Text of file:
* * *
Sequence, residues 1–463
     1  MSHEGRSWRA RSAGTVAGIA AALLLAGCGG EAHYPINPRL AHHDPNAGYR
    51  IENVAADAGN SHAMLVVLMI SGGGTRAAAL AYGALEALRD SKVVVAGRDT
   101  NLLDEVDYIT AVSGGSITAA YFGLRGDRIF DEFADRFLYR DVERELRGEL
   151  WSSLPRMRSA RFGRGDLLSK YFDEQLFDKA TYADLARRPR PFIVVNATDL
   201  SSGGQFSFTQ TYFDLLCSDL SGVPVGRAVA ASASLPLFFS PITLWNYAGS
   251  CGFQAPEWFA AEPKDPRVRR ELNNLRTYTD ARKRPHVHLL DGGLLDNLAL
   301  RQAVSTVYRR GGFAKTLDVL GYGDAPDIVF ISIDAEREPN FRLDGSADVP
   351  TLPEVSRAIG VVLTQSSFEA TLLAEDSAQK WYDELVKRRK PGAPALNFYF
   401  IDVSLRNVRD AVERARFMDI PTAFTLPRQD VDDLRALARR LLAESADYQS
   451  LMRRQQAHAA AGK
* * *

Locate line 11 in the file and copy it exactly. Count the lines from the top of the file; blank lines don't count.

   451  LMRRQQAHAA AGK